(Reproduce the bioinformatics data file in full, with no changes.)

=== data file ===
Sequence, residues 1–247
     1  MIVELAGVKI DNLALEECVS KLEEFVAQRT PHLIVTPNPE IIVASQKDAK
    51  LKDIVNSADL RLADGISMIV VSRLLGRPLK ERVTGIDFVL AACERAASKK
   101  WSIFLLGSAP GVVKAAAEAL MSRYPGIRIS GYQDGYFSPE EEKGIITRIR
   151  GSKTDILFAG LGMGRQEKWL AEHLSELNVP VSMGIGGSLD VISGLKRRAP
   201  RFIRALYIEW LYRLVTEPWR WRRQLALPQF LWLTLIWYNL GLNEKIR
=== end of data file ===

Sequence, residues 1–247
     1  MIVELAGVKI DNLALEECVS KLEEFVAQRT PHLIVTPNPE IIVASQKDAK
    51  LKDIVNSADL RLADGISMIV VSRLLGRPLK ERVTGIDFVL AACERAASKK
   101  WSIFLLGSAP GVVKAAAEAL MSRYPGIRIS GYQDGYFSPE EEKGIITRIR
   151  GSKTDILFAG LGMGRQEKWL AEHLSELNVP VSMGIGGSLD VISGLKRRAP
   201  RFIRALYIEW LYRLVTEPWR WRRQLALPQF LWLTLIWYNL GLNEKIR